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Volunteer Management Update
September 2015
September Hot Topic

Smartphones have opened a whole world of options for taking photographs and videos to benefit volunteer engagement - at no cost and by many contributors. Are you making use of all the possibilities, both practical and fun? Read this month's Hot Topic 


You can subscribe to the Hot Topic as a podcast or RSS text feed - or listen to the audio online. Also, you can browse the archive of Susan's Hot Topics (since 1997!).

New Book Now Available!

September has arrived and so has the promised new UK Edition of From the Top Down: The Executive Role in Successful Volunteer Involvement. Rob Jackson has reworked Susan Ellis' original content for relevance to volunteering in the UK. Not only has the vocabulary and spelling been converted to British usage, but the chapters on financial reporting and legal issues pertaining to volunteers have been completely rewritten by English authorities.  


To the right is a brief excerpt from the book, offered as the Tip of the Month.

  • For readers in the UK and most of Europe, the new paperback and Kindle editions can be purchased through Rob's Amazon.co.uk store.

    • For colleagues in Australia, New Zealand, Singapore, India, and other countries using British rather than American English, the paperback or PDF is also available through the Energize Online Bookstore. The Kindle is available on Amazon in the following countries: Germany, France, Spain, Italy, Netherlands, Japan, Brazil, Canada, Mexico, Australia, and India.
  • For anyone wanting the 2010 American edition (3rd ed., written by Susan only), go here.


Susan is crossing the pond right now to join Rob for a multi-city tour to celebrate From the Top Down - UK. Events are planned from 7 to 17 September in London, Manchester, Sterling, and Belfast. See the schedule and registration information at the Rob Jackson Consulting Ltd Web site.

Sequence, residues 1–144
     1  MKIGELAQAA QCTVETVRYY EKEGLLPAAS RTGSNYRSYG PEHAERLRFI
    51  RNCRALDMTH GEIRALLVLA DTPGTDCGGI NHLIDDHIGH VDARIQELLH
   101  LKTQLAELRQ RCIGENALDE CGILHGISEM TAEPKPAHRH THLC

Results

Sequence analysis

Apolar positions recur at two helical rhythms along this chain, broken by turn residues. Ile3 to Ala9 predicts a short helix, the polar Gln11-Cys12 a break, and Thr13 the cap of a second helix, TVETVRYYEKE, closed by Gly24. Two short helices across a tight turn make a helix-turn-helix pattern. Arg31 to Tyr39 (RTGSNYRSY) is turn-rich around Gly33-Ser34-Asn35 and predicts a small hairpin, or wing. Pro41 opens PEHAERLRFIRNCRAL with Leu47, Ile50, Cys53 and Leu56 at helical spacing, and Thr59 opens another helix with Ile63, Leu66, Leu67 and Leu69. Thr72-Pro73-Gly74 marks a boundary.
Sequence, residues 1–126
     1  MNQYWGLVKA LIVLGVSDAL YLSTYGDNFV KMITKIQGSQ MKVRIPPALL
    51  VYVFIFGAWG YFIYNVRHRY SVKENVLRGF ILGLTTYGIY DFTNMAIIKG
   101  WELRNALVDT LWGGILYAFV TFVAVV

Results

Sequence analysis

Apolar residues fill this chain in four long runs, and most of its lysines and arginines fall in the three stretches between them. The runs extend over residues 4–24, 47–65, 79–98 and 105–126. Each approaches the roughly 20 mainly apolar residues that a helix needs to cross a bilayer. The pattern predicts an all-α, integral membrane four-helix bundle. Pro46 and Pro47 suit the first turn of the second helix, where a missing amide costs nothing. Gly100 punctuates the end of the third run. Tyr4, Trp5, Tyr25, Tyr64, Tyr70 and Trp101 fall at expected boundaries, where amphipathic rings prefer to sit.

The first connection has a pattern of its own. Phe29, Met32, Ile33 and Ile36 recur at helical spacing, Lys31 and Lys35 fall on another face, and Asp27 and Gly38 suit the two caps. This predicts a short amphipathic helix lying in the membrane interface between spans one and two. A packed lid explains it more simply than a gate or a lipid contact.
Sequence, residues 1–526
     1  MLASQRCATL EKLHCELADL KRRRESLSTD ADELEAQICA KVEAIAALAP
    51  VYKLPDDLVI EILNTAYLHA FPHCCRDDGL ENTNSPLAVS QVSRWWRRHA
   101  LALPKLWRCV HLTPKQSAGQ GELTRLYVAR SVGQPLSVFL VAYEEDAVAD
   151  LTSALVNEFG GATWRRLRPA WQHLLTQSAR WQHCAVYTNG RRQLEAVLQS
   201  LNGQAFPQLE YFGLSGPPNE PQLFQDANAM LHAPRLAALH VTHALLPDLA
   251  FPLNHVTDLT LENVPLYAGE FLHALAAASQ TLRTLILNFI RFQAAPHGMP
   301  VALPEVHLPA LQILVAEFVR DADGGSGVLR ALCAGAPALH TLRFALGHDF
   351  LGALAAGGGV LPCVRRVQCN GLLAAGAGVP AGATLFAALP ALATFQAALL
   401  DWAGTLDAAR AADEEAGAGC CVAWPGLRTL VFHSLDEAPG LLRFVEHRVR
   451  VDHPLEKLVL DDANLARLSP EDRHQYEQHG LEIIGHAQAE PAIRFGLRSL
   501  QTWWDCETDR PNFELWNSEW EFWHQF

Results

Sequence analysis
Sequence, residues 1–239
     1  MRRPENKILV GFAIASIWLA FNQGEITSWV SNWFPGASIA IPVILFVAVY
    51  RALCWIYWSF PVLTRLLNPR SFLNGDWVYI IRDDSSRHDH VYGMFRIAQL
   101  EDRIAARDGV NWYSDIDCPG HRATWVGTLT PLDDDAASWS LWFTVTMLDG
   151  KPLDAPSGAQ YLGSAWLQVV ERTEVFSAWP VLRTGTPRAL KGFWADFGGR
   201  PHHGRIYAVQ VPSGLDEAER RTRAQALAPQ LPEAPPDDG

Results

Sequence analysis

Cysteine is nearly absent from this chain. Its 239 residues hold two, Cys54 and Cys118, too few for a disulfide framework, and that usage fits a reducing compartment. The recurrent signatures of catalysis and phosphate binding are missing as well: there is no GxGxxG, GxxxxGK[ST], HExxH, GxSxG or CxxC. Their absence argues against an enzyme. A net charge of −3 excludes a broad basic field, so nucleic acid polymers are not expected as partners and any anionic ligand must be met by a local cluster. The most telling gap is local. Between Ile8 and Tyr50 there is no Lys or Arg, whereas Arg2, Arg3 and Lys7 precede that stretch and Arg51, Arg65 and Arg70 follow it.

Thinking Ahead


We offer Canadian cartoonist Graham Harrop's delightful book, Things We Love about Volunteers, in electronic form in our bookstore. Now Harrop celebrates volunteers with a printed desktop calendar - perfect for the holidays! Keep your appreciation of volunteers visible all through 2016 with this charming and practical gift. Ordering information. 

What's New in e-Volunteerism?


Volume XV, Issue 4 of e-Volunteerism, our international, subscription-based journal for informing and challenging leaders volunteers, is in full swing for this quarter.

Free Access this Month:   


From the Archives

Political Volunteering: Lifeblood of Healthy Democracy (Vol. II, Issue 3, April 2002) - Debbie Macon, a fellow volunteer resources manager who has also been an elected official in American local government, shows how interconnected political volunteering is with other volunteer worlds.



From the Current Issue

Points of View 

Volunteer Hounded to Death by Fundraisers? Lessons To Learn - Was Olive Cooke, a 92-year-old volunteer for the Royal British Legion, hounded to death by fundraisers this past May? Intrepid sleuths Susan J. Ellis and Rob Jackson turn the case inside out and use it to debate: What is or should be the connection between donating money and donating time?

Subscriber Access Only (Subscribe for a full year or 48-hour access)


New Postings Since the Last Update:


Leader as Coach: Sustaining the Engagement of Your Volunteers - American author Barry Altland stresses the value of genuine, personal coaching and mentoring in drawing out volunteer passion, and offers practical techniques for doing it right.

Volunteer Engagement as a Form of Transformational Leadership - Our new Training Designs Editor, Canadian colleague Erin Spink, explains her proposition that volunteer engagement is a form of transformational leadership because we bring about significant change.

Community Mental Health Programmes and Volunteers - This Along the Web from Arnie Wickens in the UK highlights projects around the world in which volunteers support people with mental health illnesses and related issues.    
 Still to Come

Two more articles to go in this issue: a look at the rise, fall and evolution of the "telethon" and a review of research questioning whether volunteer satisfaction increases motivation to do more.


You can subscribe